Bring the open source…

  3. Ironhelm (2 comments) says:

    Excellent post! Too often we forget that we are leading people and that the well known and established leadership trends and principles apply. Almost always, I see raids ‘hurry up and wait’. They rush rush rush to clear to a boss, then wait long enough as someone (or multiples) explains the fight, assigns roles and sets up a macro and… can we start already?! Who did not prepare ‘their own way’ for this fight?! Leave them off the inv list next time! Activists prepare by showing up. And taking 10 mins to explain the fight to them is lost on them, they are usually doing something else by then like AFK to get a beer.

    I’ve found that if I take 5 mins at the beginning of a raid before the first pull, while folks are making pots and consuming them, to talk about the overall general things for that specific raid group (e.g. moon is sheep and assigned to Joe, Star is sheep and assigned to Suzie) and to mention key points (e.g. John, when we get to XYZ in Gundrak, dismiss pet so that it does not path and pick up all the mobs when we jump down from the balcony), that it works best. Those that are interested, dial in, sometimes ask questions for more info, those that don’t care, are off at bio or getting a beer.

    When the schnitz hitz the fitz and itz wipez timez – we laugh, recover, quickly re-focus everyone, ask if there are any vital questions before we hit it again, then hit it. I don’t leave room for recriminations. Simply put, some people need to die in the fight in order to be able to do the fight without dying — and not everyone gets this. So when we die, it is important to tell the pissed off folks that it’s ok, now we ALL know the fight. Lets get on with it.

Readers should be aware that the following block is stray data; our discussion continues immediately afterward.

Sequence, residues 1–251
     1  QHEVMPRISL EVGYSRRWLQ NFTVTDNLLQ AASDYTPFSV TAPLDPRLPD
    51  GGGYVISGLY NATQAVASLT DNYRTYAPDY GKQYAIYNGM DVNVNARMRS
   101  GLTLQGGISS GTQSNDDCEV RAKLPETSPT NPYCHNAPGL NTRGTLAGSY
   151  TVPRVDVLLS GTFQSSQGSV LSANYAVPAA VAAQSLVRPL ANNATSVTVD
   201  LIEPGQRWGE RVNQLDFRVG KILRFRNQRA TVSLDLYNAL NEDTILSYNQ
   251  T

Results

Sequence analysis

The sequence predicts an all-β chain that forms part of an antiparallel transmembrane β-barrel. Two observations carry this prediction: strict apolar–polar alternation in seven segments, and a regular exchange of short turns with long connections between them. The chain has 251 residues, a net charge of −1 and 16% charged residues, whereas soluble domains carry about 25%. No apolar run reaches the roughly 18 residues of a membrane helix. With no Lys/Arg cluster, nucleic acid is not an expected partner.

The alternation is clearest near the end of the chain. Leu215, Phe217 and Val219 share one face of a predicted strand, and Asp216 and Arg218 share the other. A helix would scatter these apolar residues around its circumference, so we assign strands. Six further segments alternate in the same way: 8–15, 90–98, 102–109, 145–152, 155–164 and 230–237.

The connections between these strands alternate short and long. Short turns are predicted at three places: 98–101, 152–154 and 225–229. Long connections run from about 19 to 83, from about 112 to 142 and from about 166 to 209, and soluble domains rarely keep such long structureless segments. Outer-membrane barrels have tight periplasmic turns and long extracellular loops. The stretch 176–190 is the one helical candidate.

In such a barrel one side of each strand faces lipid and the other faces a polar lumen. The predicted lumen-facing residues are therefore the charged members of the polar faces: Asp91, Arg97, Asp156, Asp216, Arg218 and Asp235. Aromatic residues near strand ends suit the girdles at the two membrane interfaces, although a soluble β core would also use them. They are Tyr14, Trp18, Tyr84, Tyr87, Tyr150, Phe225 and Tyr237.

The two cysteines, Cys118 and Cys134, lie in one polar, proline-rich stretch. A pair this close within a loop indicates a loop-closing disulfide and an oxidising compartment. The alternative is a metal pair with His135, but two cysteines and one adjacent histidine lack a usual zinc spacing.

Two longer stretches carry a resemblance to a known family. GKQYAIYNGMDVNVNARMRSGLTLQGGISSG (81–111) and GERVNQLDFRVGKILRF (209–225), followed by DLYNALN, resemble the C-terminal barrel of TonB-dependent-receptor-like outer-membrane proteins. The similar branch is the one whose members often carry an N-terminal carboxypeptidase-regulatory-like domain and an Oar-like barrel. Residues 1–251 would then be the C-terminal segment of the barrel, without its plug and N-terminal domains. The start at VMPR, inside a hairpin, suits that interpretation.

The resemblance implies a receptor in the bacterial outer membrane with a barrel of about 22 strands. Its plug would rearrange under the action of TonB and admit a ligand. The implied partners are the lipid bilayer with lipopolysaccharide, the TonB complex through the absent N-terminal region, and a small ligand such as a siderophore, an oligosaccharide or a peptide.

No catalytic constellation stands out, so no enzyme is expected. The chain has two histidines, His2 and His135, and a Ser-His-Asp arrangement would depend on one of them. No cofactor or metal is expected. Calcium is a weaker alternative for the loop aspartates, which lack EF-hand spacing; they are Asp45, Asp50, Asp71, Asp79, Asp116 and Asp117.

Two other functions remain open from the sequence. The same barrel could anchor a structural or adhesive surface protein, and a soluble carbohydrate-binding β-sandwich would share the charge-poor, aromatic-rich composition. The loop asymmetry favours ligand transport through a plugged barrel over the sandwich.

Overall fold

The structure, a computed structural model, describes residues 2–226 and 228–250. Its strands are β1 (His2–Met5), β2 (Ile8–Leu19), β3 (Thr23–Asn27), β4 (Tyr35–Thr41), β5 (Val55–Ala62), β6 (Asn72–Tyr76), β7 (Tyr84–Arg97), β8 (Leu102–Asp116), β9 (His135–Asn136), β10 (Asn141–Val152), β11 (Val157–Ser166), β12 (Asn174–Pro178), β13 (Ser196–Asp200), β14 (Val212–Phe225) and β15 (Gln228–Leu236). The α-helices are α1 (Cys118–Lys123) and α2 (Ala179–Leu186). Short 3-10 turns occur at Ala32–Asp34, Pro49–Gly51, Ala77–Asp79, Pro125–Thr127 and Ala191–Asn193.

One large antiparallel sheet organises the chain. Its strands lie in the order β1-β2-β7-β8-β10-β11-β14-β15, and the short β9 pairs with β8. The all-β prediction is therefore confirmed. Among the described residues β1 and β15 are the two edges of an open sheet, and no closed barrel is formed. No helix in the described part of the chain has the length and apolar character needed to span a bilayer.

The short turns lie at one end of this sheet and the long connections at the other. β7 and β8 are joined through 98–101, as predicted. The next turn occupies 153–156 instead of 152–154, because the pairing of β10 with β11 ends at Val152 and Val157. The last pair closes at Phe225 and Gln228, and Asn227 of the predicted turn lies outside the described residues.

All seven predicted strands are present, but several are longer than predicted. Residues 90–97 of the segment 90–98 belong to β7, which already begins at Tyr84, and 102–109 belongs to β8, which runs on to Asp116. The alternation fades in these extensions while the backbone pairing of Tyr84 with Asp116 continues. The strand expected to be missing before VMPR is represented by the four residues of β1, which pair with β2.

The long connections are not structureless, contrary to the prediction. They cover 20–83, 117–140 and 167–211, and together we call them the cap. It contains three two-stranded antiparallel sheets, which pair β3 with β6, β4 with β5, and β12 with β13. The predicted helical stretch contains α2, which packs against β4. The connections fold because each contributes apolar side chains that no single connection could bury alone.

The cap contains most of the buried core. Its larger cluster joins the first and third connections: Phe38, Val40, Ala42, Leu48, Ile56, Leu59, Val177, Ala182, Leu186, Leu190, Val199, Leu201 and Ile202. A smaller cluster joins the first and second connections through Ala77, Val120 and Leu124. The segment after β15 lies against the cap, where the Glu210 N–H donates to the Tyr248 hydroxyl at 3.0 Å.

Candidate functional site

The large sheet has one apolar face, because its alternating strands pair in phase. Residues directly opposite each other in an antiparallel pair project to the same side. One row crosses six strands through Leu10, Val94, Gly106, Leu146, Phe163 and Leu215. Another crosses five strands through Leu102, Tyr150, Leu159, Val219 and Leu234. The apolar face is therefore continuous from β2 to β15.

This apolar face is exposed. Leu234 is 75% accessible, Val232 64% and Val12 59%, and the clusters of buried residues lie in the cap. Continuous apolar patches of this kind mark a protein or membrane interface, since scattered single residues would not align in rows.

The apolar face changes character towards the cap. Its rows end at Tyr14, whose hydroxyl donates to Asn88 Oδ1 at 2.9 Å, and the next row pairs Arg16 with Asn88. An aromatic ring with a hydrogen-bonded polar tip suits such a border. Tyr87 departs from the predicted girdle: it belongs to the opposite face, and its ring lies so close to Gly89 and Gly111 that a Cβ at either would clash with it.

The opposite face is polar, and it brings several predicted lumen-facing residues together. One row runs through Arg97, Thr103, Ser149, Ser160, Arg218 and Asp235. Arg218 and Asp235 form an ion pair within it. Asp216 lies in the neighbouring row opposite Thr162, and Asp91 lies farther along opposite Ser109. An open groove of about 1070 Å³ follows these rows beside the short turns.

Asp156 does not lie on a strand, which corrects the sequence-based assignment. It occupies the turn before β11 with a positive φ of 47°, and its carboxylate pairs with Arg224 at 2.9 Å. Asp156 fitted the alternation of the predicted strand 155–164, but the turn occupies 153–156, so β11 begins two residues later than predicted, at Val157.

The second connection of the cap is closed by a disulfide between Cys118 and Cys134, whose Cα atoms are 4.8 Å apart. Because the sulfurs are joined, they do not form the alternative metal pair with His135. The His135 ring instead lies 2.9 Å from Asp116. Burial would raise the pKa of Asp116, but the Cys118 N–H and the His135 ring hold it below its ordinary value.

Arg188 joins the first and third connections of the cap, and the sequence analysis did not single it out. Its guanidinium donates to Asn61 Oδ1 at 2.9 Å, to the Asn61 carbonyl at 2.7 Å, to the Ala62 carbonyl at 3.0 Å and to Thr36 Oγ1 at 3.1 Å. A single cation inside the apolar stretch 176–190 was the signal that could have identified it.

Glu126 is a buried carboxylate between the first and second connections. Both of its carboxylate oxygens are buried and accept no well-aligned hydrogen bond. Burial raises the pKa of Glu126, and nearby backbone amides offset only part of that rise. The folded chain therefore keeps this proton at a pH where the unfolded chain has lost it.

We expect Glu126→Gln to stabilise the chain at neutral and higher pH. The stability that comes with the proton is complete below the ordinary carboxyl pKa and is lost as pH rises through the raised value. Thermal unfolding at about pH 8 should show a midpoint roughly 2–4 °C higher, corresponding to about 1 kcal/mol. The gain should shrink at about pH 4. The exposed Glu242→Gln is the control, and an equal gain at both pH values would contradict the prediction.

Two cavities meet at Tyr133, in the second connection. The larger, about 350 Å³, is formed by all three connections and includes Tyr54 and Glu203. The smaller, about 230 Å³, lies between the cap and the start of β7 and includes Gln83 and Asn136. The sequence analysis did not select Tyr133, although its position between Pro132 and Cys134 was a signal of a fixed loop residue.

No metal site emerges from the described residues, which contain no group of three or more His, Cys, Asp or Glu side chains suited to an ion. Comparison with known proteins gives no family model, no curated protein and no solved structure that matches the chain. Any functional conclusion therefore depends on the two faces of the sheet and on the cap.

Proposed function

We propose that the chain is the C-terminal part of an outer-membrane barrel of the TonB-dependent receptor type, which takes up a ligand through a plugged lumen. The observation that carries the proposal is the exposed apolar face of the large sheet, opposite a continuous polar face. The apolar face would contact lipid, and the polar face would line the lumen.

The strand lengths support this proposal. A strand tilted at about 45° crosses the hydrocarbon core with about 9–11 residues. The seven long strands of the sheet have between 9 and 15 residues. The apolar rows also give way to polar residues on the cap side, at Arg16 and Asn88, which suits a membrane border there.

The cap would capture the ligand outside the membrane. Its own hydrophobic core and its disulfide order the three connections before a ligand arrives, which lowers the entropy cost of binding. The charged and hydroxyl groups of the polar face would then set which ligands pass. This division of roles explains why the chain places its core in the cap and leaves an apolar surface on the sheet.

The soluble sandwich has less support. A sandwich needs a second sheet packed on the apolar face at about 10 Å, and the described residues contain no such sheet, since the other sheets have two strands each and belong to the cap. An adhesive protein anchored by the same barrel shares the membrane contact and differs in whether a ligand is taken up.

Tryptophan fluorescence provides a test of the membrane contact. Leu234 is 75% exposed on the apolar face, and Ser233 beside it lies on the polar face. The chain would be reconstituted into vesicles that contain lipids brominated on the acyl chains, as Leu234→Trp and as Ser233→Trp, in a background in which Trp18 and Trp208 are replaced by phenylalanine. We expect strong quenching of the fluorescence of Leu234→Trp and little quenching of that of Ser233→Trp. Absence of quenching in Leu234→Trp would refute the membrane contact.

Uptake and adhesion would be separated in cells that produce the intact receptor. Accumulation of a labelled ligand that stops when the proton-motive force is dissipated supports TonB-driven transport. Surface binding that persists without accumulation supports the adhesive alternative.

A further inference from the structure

4. ApathyInc (5 comments) says:

    Activist + Pragmatist, with a bit of Theorist mixed in. :P

  5. Zahrah (3 comments) says:

    Serious <3 for bringing this up..
    Its so true, and I think every good raid leader/gm needs to have at least considered that a single approach is not the best way to reach all the people.
    In addition Some people aren’t aware of their own learning styles – and a change in the approach to how you learn can have a massive impact of the quality of information you absorb.

  6. artorin (1 comments) says:

    I’m linking and posting a copy of this on my guild forums I hope you don’t mind.

  7. Gwaendar (217 comments) says:

    I most definitely do not mind :)

  8. Sebastian (3 comments) says:

    That’s a great post! Nice to see some other people are writing on similar, contemporary topics as I am.

    Maybe next up you can use Bartle’s player-type test! (http://en.wikipedia.org/wiki/Bartle_Test)

  9. Sebastian (3 comments) says:

    Hah :) Well, I meant more as members of a guild roster, and what that means for the poor guild leader!

    Bartle was my lecturer at university, incidentally!

  10. Sebastian (3 comments) says:

    I just finished an article on a similar subject — I’ve kind of expanded some of your ideas and added my own experience, and directed it more towards hardcore raiding guilds.

    Take a look, it might be interesting :)

    http://blog.mrseb.co.uk/2009/02/who-plays-in-a-hardcore-guild/